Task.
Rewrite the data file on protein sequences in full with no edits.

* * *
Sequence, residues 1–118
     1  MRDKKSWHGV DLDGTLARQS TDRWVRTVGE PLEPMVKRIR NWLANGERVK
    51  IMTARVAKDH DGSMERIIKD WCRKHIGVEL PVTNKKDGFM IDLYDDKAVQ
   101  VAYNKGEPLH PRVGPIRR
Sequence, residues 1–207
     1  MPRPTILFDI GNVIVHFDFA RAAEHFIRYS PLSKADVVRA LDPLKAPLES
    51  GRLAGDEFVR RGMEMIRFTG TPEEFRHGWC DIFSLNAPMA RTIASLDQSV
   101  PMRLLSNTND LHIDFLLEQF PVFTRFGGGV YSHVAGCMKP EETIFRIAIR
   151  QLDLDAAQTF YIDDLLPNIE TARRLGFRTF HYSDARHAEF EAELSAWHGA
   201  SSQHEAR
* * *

Sequence, residues 1–118
     1  MRDKKSWHGV DLDGTLARQS TDRWVRTVGE PLEPMVKRIR NWLANGERVK
    51  IMTARVAKDH DGSMERIIKD WCRKHIGVEL PVTNKKDGFM IDLYDDKAVQ
   101  VAYNKGEPLH PRVGPIRR
Sequence, residues 1–207
     1  MPRPTILFDI GNVIVHFDFA RAAEHFIRYS PLSKADVVRA LDPLKAPLES
    51  GRLAGDEFVR RGMEMIRFTG TPEEFRHGWC DIFSLNAPMA RTIASLDQSV
   101  PMRLLSNTND LHIDFLLEQF PVFTRFGGGV YSHVAGCMKP EETIFRIAIR
   151  QLDLDAAQTF YIDDLLPNIE TARRLGFRTF HYSDARHAEF EAELSAWHGA
   201  SSQHEAR